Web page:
New York's Cooperative and Condominium Community
Energy efficiency is no longer just for co-ops and condos with deep pockets. Green building technology startup BlocPower has raised nearly $25 million in equity funding and $130 million in debt financing to retrofit tens of thousands of apartments and other dwellings with climate-friendly appliances. This is good news to co-op and condo boards that are struggling to reduce their buildings' carbon emissions before fines kick in next year under the Climate Mobilization Act's Local Law 97.
Donnel Baird, BlocPower’s founder and chief executive, tells Crain's the money will allow the Brooklyn-based company to expand the reach of its software platform, BlocMaps, which identifies buildings in need of retrofits and recommends the best technologies to lower greenhouse gas emissions. Once retrofits have been identified, BlocPower coordinates and finances the replacement of fossil fuel boilers, furnaces and water heaters with high-efficiency electric devices in multi-family dwellings and other buildings. It also manages the installation of solar panels.
The funding comes as the federal Inflation Reduction Act takes effect, providing billions of dollars for low- and moderate-income families to replace fossil fuel furnaces and water heaters. BlocPower says it collects any available rebates for electrification and passes the savings on to a building’s owner. The IRA is “just a massive once-in-a lifetime, generationally transformational moment,” says Baird, whose company focuses on retrofits in low-income communities. “This is our shot, not only on climate change, but also for those of us who care about wealth inequality, who care about racial equality.”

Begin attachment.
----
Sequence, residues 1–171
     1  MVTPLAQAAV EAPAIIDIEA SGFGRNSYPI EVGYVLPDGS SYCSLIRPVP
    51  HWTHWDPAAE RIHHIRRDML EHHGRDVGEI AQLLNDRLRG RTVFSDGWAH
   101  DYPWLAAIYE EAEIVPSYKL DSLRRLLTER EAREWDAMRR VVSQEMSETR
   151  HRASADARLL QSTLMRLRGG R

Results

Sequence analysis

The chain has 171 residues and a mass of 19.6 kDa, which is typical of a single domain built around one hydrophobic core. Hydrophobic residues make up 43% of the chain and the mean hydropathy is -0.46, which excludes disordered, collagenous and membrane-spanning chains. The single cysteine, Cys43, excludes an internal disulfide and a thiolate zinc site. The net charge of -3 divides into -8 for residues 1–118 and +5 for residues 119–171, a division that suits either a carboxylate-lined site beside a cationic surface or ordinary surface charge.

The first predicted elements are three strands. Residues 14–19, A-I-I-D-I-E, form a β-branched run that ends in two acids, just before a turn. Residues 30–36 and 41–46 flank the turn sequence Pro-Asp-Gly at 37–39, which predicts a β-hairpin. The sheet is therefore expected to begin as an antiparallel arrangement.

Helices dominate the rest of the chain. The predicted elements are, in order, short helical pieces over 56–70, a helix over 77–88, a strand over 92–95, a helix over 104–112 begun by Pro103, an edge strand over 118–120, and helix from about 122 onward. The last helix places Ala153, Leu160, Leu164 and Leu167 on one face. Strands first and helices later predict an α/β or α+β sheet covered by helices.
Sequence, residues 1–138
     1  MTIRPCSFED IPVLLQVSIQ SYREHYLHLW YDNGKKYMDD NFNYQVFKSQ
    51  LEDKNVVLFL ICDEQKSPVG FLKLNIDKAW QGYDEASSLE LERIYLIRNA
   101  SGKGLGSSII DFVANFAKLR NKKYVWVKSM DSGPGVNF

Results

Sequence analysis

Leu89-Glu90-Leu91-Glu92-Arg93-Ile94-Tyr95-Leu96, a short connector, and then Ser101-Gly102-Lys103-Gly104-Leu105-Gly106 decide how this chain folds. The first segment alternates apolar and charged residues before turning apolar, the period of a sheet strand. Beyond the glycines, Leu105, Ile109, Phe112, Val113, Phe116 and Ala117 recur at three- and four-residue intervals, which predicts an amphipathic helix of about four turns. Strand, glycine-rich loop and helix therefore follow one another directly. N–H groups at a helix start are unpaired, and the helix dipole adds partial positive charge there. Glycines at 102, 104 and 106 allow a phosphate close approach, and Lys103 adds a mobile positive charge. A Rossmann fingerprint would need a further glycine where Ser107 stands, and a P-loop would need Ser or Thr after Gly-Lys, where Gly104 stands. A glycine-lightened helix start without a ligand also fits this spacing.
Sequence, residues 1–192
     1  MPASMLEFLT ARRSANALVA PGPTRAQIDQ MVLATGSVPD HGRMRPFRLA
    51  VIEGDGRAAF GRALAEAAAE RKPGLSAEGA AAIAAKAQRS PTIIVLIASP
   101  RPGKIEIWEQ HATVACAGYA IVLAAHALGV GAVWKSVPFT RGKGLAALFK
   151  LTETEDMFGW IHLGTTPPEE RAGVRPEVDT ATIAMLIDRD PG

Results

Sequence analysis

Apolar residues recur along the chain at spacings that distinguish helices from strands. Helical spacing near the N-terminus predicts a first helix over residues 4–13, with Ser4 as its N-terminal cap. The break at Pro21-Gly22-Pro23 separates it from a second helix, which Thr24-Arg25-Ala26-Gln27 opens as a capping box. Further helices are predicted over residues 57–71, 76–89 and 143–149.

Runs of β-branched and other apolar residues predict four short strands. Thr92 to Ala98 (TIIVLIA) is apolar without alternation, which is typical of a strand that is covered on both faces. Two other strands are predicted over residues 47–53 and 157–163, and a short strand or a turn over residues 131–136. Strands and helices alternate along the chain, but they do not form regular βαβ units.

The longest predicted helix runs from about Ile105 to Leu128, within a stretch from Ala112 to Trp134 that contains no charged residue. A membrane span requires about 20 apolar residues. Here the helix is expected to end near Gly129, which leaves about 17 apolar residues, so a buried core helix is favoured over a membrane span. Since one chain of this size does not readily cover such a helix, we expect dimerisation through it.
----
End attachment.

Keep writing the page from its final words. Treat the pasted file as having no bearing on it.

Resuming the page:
The burning of fossil fuels in buildings accounted for 13% of U.S. greenhouse gas emissions in 2020, according to the federal Environmental Protection Agency. In New York City, the number is a staggering 65%.
BlocPower is also tackling another obstacle to electrification: a shortage of workers to retrofit buildings. The company will devote part of the new funding to expand its Civilian Climate Corps program, which trains residents of communities at high risk of gun violence to install heat pumps, solar panels and other hardware.
“We need more contractors, and those contractors need more skilled technicians,” Baird says. “We just have a massive generational shortage of labor in America.”
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